TIFs are widely used development tools, but not fully understood.





Sam Polsky is a principal of Polsky & Associates Ltd., a law firm based in Chicago.






ax Increment Financing is a widely used tool for economic development, but there are some additional things you may not know about TIF that may benefit your development:
     Tax Free Returns: Many of today’s TIF deals are based on "pay as you go" models. This means that no bonds are sold to yield immediate proceeds. Instead, a Developer Note is commonly issued which is an obligation to pay the Developer from future TIF revenue, generally real estate taxes and a portion of sales taxes, as collected. The payments to the Developer offset some of the cost of the project.
     But some of these payments may include interest on the TIF Note, and if the Developer Note is structured correctly, that interest could be tax exempt. If payments to the Developer are based on a percentage of the entire TIF area, as opposed to specific revenue from one development, the interest portion of the TIF payments may be tax exempt. Of course, municipalities may want to offer a lower interest rate on a tax-exempt Developer Note, but the savings can still be substantial. Just because tax-exempt bonds are not issued, don’t assume that interest payments under a Developer Note can’t be tax-exempt. Although the IRS Code can be inscrutable, and there may be some other factors that the issuer’s tax or bond counsel may consider, there are ways to achieve tax-free interest returns under the right conditions.
     Intergovernmental Agreements instead of TIF: Although your project may not qualify under traditional TIF standards as a "blighted" or "conservation" area, or if your municipality does not want to engage in the political discourse of TIF, you might be able to achieve similar benefits by entering into an Intergovernmental Agreement. Under such an Agreement, new real estate tax dollars generated by your project might be refunded or abated by the various taxing districts that otherwise receive the real estate taxes generated by the project. This is in essence a contractual TIF type of arrangement that can be used for reimbursing certain development costs. Intergovernmental Agreements avoid the legal requirements of TIFs and their procedures but can sometimes yield similar benefits.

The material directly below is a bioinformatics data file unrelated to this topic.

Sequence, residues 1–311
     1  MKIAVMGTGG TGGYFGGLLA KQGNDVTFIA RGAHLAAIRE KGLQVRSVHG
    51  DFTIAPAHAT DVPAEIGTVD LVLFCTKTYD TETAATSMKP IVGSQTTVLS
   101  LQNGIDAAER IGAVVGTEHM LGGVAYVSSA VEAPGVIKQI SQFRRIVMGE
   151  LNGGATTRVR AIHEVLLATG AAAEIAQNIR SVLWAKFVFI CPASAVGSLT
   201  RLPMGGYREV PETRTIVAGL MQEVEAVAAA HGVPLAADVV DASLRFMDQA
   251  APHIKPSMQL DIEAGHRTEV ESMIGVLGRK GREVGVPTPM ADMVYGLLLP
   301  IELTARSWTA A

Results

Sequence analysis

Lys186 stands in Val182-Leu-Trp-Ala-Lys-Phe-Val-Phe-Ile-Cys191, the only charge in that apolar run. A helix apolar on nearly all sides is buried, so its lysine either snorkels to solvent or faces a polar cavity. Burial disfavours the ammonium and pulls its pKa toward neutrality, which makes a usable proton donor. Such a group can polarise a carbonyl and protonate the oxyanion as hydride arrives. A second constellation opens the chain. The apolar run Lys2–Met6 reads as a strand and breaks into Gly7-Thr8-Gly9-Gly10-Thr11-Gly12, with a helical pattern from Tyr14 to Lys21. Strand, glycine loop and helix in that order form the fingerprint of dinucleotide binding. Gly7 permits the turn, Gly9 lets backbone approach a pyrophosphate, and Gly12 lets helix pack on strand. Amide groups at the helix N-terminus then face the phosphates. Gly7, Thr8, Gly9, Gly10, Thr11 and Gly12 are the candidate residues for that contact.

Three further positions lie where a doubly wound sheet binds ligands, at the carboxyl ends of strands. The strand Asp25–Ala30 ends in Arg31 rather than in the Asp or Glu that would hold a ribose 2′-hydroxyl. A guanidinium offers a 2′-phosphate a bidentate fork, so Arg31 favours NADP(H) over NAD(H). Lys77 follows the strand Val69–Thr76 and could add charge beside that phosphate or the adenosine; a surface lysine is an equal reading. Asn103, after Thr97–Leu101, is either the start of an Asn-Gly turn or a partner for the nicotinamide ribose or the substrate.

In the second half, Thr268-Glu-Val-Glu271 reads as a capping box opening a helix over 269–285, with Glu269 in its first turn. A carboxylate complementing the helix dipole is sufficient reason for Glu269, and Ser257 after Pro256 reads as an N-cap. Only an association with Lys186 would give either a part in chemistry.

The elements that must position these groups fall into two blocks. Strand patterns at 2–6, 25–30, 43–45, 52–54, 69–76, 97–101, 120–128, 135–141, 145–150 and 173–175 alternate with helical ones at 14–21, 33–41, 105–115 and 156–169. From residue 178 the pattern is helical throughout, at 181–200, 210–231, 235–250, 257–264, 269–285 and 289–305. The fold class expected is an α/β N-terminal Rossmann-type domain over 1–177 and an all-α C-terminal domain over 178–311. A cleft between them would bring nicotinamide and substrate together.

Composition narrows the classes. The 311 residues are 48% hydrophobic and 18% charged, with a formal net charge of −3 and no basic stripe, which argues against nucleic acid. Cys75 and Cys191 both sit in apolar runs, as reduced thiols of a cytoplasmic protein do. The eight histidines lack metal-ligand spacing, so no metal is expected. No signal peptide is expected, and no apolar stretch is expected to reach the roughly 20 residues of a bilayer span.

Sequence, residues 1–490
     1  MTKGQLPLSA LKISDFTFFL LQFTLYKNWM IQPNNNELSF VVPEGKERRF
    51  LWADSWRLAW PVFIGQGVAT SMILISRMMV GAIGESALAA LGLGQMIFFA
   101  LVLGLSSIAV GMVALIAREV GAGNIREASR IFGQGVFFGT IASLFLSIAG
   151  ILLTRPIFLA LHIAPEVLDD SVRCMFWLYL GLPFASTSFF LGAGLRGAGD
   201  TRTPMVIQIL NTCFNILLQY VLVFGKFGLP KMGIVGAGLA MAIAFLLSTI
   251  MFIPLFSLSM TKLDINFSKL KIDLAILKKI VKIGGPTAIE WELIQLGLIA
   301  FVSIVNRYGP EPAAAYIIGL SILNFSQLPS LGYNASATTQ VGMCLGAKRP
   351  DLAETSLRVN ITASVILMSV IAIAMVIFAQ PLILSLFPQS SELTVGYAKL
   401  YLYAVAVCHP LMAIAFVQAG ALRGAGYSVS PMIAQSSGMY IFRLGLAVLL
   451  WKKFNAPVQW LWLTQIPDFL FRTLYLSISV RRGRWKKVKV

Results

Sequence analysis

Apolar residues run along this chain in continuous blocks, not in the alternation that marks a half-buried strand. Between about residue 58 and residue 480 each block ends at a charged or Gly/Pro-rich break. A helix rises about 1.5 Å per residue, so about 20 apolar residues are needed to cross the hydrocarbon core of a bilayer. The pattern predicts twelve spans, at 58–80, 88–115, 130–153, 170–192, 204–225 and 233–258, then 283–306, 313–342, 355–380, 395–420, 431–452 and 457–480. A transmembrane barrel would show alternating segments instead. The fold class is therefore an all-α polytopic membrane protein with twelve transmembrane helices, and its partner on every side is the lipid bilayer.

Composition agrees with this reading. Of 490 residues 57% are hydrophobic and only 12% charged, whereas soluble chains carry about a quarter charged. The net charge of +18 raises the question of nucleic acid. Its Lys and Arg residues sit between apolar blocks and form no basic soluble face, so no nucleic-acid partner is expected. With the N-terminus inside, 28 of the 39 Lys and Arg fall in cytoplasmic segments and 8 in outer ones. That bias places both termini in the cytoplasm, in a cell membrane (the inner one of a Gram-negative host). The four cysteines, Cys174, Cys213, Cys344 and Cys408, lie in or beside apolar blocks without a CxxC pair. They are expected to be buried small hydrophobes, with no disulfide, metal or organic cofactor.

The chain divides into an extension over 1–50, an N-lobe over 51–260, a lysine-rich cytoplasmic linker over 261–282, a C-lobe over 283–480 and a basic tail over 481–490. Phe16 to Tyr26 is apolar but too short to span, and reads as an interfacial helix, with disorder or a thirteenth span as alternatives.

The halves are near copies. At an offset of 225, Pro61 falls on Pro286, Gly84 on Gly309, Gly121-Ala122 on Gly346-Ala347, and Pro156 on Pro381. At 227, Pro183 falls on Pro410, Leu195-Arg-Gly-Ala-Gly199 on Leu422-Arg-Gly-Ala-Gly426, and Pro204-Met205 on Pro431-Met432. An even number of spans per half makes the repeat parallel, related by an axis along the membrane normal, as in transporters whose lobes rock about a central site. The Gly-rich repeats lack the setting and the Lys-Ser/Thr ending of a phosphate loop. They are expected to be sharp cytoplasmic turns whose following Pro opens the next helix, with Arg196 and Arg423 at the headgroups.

TIF and 6B?: Most municipalities generally considered TIF and 6B status incompatible, but that is changing. 6B status under the Cook County ordinance allows certain industrial developments to be assessed at less than half the normal rate (16% instead of 36%) for 10 years, phasing back to full assessment after 12 years. Since TIF captures new real estate taxes and 6B reduces those same taxes, these are really two separate incentives that work in opposite directions – 6B lowers your taxes, TIF uses increased taxes to fund development costs.
     But TIF and 6B need not be incompatible. For certain large projects, municipalities may agree to reduce taxes under 6B and also utilize TIF to get the benefit of increased taxes over the base taxes. For example, let’s say base taxes on an undeveloped basis are $10,000 – After total development the taxes will be $700,000 – If the industrial project qualifies for 6B status taxes will be reduced to approximately $310,000 - The increment available will be $300,000, and if this is in a TIF district some or all of that $300,000 increment may be available to the developer for up to 23 years. If only TIF were used there might be $690,000 in savings ($700,000 less $10,000 base) available annually, but the project would have to have sufficient eligible costs (acquisition, environmental, site and public improvements, rehabilitation, for example) to utilize all of that increment (on a capitalized basis about $7,000,000) – so not all of those funds may be available to be paid to the developer. If you can’t use all the increment for eligible cost it becomes more important to look at the possibility of using 6B benefits to capture some or all of the excess incremental taxes that might otherwise be lost. Of course, a municipality may not be in favor of granting both 6B and TIF status for the same project if the perceived benefit to the community doesn’t warrant that level of assistance, but often both programs may be appropriate to attract a desired project to a municipality. The City of Chicago has used both TIF and 6b together when the developer has justified the need.

January/February 2002

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